October 16, 2012
(Some) Mothers are Writers
On Harriet’s long-form birth certificate, it is written that her mother is a writer. And while I don’t remember much of those blurry days after she was born, when our world was exploded pieces held together with love and hanging on just barely, I remember filling out that form, hunched over my laptop on our coffee table. When we’d got to Mother’s Occupation, we’d paused for a moment. I was three weeks into maternity leave from a job I wouldn’t go back to, from the least meaningful job title in the universe, which was “research administrator.” We couldn’t write that, and besides, I was no longer one. “Why not say, ‘writer’?” my husband suggested, and so we did.
It is often noted as monumental, that moment when a writer learns to call herself as such, when she gathers the confidence, courage and faith necessary to embark upon a creative path. Which I don’t have a whole lot of truck with. I think we sentimentalize these things too much, that we spend too much time with our heads up our asses, and that a woman staring into the mirror practicing calling herself a writer is like Annie Dillard’s writer who “himself only likes the role, the thought of himself in a hat.” I would argue that more important that learning to call oneself a writer is to write and (even better) to write well and to get the work out there so that everyone will know you’re a writer, and what you think doesn’t really matter.*
So this isn’t about how I lied on official documentation and was professionally transformed, never to administrate research ever again. This isn’t about how I learned to call myself a writer, but instead about how everybody’s wrong about motherhood (and by “everybody”, I mean mainly The Atlantic and Newsweek).
Something funny started happening as soon as I got pregnant in 2008. Professionally speaking, research administration aside, it hadn’t been a great time for me. I was a year out of a graduate creative writing program that had failed to take me places, my classmates were publishing books and I was getting rejection after rejection from lit mags. That post-school thing is always brutal, and from creative writing programs in particular. I remember Anne Patchett writing in her memoir of her friendship with Lucy Grealy how they finished the Iowa Writers’ Workshop and had to “write to save their lives” (I paraphrase). It wasn’t working for me. And so when I got pregnant, it seemed like the writing thing was going to be put aside for awhile. At least I would have another focus.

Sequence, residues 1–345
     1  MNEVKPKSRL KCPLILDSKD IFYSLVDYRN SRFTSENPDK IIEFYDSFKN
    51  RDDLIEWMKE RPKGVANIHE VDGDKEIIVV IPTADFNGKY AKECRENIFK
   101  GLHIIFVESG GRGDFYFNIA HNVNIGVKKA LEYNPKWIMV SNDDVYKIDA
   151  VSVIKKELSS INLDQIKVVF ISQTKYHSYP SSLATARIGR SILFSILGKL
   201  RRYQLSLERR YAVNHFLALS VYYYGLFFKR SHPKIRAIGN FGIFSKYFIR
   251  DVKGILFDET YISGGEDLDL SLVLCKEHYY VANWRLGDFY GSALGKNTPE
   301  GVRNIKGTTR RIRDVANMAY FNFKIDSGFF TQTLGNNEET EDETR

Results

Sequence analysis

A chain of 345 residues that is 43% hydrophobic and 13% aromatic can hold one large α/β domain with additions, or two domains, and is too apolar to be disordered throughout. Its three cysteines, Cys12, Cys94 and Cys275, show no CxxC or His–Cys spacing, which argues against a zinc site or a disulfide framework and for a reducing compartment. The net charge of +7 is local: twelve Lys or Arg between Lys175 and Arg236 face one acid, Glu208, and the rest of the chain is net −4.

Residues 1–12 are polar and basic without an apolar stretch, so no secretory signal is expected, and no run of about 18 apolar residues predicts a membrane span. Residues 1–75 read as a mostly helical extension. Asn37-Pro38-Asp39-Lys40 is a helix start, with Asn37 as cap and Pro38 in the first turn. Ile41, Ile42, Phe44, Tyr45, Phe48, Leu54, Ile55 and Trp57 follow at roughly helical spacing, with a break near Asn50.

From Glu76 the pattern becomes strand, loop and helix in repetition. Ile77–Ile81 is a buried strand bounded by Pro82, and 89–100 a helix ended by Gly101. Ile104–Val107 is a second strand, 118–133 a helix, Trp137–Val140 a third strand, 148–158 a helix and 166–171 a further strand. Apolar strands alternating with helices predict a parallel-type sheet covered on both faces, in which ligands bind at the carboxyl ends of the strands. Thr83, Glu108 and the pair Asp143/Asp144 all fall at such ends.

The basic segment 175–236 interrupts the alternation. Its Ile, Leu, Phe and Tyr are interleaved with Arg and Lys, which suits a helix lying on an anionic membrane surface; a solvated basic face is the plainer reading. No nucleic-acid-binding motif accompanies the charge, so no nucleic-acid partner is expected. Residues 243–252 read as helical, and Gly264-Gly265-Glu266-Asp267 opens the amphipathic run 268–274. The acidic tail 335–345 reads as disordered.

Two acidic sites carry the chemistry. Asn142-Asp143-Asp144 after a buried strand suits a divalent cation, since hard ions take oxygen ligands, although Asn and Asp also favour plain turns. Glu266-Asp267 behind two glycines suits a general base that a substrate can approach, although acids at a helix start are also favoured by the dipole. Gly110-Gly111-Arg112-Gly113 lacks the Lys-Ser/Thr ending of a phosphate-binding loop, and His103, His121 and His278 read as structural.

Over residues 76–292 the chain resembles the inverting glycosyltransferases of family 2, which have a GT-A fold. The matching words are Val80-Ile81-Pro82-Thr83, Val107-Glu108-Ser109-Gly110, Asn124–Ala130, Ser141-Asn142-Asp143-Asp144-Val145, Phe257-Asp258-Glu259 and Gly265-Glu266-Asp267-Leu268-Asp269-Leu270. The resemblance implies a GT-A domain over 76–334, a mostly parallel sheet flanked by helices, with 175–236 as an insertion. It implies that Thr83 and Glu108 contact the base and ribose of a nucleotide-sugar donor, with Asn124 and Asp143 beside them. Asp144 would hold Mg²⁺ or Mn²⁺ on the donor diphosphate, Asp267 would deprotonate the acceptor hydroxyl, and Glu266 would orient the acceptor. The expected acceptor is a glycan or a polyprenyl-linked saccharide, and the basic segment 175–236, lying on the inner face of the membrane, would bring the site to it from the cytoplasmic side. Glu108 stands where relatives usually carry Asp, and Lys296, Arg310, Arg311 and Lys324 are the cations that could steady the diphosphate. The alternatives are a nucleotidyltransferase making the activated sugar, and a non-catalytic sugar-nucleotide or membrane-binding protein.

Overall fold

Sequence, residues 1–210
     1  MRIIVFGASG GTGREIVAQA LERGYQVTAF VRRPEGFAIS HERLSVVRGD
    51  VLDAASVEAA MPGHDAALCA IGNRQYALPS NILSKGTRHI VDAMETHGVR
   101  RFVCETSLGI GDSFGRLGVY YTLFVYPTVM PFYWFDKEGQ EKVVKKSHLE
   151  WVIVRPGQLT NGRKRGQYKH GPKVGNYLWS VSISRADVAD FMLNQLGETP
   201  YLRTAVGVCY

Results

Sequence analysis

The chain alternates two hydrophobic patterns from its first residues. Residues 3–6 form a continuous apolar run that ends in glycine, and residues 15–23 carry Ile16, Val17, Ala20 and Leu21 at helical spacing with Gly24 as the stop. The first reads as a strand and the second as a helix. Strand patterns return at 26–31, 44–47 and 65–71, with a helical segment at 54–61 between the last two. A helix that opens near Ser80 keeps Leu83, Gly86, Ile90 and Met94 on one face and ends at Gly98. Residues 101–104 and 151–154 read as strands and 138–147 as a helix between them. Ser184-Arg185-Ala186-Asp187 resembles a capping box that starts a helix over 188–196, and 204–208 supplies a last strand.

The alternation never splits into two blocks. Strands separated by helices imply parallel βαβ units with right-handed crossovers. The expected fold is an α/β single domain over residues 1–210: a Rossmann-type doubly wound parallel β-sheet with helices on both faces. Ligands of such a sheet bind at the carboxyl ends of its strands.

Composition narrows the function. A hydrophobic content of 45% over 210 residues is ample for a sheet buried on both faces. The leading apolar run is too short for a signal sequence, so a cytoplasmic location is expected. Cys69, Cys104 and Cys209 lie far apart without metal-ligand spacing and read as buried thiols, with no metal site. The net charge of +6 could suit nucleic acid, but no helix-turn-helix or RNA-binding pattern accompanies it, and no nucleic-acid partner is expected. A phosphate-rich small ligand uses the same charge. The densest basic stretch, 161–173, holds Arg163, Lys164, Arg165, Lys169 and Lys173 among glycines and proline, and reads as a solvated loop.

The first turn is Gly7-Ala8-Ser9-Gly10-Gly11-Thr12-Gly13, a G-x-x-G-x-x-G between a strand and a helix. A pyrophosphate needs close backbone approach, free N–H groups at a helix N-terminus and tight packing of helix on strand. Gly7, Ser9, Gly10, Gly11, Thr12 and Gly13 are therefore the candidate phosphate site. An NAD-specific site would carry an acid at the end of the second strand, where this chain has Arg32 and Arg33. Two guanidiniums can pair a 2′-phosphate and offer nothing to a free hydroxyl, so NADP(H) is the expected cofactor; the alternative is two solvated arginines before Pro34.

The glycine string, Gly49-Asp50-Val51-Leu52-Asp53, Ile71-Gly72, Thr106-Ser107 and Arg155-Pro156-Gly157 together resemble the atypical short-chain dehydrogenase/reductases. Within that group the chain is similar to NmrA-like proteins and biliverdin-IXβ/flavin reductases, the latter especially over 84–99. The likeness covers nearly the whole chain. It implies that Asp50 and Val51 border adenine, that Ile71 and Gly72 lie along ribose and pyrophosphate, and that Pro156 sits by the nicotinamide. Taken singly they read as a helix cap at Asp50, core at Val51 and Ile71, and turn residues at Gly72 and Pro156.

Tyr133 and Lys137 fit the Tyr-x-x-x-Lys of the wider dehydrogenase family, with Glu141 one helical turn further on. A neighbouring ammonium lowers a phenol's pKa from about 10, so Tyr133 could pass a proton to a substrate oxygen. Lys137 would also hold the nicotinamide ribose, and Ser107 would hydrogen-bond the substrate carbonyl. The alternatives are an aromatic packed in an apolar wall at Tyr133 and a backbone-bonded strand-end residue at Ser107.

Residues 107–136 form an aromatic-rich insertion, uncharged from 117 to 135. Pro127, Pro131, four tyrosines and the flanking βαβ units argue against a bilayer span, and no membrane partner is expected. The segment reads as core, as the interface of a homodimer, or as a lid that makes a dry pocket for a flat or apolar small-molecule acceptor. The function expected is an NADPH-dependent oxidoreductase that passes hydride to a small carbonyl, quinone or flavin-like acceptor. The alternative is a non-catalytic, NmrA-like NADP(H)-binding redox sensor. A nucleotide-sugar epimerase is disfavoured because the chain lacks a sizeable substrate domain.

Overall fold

Life, it seemed, would have other plans. Coinciding with my first trimester were some interesting writing opportunities, an invitation to speak on a panel about literary blogging with the Governor General, increased attention to my blog, and some wonderful new writerly connections. By the time Harriet was born, I’d started writing book reviews, had a couple of stories published, and cheques were arriving pretty regularly, even if they were pitifully small. So when I wrote, “Writer” on her birth certificate, I wasn’t entirely delusional. But it wasn’t entirely true yet either.